And now, the young Dodger prospects that will be joining the big league club sometime in the near future:
Pederson may be the best position player the Dodgers have in the minors, and he was an absolute steal in the draft. The outfielder was not taken until the 11th round in the 2010 draft, but Pederson is knocking on the door of the big league club fairly loudly from Triple-A. His slash line currently stands at .337/.446/.625, and he has hit 15 home runs and driven in 36 runs in just 55 games for the Albuquerque Isotopes. Pederson may soon force the Dodgers to make some room for him on the big league club with his outstanding play.
If Pederson is the best Dodgers position player in the minors, then Seager has to be 1-A. Seager, a 2012 first-round draftee, is still young and may be still be a few years away from the big leagues, but his production at High-A is already drawing plenty of attention. His slash line of .335/.388/.573 is impressive at any level, and he has put up eight home runs and 37 RBI as well. His position has yet to be determined, as he is projected as a third baseman but is currently playing shortstop.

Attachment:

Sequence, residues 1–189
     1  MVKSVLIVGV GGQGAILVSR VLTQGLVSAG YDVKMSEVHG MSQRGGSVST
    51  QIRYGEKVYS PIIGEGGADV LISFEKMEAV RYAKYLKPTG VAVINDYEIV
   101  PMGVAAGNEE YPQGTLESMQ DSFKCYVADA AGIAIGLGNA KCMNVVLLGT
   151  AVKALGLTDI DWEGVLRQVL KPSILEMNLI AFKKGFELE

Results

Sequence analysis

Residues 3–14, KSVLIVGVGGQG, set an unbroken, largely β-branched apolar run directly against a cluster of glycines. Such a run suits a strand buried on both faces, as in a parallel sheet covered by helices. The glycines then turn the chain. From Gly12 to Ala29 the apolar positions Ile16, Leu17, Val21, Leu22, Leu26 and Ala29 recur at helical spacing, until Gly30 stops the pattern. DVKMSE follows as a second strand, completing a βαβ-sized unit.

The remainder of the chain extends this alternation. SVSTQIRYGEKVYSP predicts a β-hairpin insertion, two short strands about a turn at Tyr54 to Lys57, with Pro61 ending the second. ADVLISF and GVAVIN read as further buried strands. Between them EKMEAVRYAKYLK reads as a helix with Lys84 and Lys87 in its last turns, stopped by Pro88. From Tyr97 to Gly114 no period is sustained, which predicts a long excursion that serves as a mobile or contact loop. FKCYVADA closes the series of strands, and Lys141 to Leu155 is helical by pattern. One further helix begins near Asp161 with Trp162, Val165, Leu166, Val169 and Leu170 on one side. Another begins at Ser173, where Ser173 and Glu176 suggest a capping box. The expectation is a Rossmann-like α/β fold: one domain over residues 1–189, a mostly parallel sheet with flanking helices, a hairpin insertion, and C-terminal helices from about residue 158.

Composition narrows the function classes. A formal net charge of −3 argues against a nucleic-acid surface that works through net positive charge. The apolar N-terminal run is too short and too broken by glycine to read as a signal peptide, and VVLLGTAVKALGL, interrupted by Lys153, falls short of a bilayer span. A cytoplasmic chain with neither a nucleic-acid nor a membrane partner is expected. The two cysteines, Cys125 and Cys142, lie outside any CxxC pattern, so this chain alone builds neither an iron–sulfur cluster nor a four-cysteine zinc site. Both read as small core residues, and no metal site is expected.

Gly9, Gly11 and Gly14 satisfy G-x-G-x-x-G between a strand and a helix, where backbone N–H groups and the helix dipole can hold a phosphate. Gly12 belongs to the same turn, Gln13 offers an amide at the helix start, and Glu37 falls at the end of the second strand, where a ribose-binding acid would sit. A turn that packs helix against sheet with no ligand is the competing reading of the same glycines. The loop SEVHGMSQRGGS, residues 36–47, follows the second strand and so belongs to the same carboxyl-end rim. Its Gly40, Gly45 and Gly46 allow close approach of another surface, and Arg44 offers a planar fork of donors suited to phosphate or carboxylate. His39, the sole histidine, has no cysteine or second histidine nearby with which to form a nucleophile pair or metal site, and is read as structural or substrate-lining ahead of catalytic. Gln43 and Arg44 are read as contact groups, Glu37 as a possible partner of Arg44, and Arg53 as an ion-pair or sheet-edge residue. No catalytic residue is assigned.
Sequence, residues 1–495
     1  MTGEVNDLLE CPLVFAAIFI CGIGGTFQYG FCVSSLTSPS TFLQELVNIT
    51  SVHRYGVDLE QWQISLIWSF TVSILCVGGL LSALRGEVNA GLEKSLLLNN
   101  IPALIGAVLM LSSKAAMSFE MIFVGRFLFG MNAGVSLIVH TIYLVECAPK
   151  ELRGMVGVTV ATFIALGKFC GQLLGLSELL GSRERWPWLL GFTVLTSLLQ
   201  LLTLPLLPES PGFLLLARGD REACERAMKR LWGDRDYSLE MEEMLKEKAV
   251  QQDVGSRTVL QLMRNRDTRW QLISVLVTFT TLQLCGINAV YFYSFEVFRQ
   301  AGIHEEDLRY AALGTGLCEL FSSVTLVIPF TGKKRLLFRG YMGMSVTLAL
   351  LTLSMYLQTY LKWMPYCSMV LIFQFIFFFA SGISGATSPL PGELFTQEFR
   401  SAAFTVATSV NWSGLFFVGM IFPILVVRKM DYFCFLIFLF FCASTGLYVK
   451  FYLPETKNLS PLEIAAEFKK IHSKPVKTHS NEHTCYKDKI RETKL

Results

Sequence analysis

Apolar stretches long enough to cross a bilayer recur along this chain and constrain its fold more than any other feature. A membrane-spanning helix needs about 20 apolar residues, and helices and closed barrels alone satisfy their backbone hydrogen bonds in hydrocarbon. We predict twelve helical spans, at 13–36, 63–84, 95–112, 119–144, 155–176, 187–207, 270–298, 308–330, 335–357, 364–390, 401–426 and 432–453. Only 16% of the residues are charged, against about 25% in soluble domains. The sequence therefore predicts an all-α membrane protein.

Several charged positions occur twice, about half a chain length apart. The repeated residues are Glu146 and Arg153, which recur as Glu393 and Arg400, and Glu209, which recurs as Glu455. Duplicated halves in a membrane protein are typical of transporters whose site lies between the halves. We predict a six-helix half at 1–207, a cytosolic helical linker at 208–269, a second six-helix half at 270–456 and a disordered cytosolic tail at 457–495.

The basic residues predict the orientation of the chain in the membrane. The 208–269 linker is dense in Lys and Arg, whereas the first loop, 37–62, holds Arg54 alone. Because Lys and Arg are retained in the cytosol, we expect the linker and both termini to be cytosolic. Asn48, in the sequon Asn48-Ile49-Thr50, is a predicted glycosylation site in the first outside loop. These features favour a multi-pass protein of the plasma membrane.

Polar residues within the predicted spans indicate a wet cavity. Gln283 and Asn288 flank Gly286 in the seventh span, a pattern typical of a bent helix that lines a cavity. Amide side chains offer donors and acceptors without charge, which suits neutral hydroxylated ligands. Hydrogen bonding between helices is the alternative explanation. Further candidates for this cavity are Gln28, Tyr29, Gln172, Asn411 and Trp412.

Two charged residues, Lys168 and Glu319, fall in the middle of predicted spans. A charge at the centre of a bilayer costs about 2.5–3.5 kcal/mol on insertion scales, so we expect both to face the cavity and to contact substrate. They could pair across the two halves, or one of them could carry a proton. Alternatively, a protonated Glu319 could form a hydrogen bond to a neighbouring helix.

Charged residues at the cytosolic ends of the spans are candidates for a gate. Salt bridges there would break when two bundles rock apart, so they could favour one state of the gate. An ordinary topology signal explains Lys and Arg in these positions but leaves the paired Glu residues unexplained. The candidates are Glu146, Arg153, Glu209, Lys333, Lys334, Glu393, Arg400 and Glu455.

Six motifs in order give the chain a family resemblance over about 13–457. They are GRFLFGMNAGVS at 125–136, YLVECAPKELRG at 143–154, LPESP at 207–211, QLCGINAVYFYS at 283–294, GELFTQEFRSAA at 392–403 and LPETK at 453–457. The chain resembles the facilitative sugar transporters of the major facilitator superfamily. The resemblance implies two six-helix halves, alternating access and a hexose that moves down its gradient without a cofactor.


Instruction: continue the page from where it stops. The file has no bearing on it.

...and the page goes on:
Lee was the headliner of the 2010 draft that also included Pederson. Lee fell to the Dodgers at the 28th pick of the first round due to signability issues. Rather than play football at LSU, the Dodgers surprisingly signed him to a deal that included a $5.25 million signing bonus. Initially envisioned as a power-pitching frontline starter, Lee is now projected as a middle of the rotation starter with four solid pitches. He has had his share of struggles at the hitter-friendly Albuquerque, posting a 5-5 record as a starter to go with a 4.71 ERA. He was much better a year ago at Double-A, going 10-10 with a 3.22 ERA and a 3.74 K/BB ratio.
Anderson, the Dodgers’ first-round pick in the 2013 draft, has struggled at High-A this year, but his 2013 minor league season was good enough to get the attention of many publications that ranked him highly within the Dodger organization. While he is only 2-4 with a 5.96 ERA this year, he was able to go 3-0 last year while posting a 1.96 ERA.
Reed was a 2011 draftee taken with the 16th overall pick. Currently at Double-A, Reed is 3-3 with a 3.18 ERA. A year ago at the same level, Reed was 4-11, posting a 3.86 ERA. He has shown improvement, as his K/9 rate has risen from 6.9 (2013) to 9.6 (2014), and his K/BB ratio has also gone from 1.68 (2013) to 2.59 (2014).
And in the "what may have been" category, a reminder that the Dodgers once drafted two players that they now wish they could have signed:
2006: Paul Goldschmidt, 49th round (#1453), unsigned
2004: David Price, 19th round (#566), unsignedTags: Baseball, Chris Anderson, Chris Reed, Chris Withrow, Clayton Kershaw, Corey Seager, Dee Gordon, Joc Pederson, Los Angeles, Los Angeles Dodgers, MLB, Paco Rodriguez, Scott Van Slyke, Zach Lee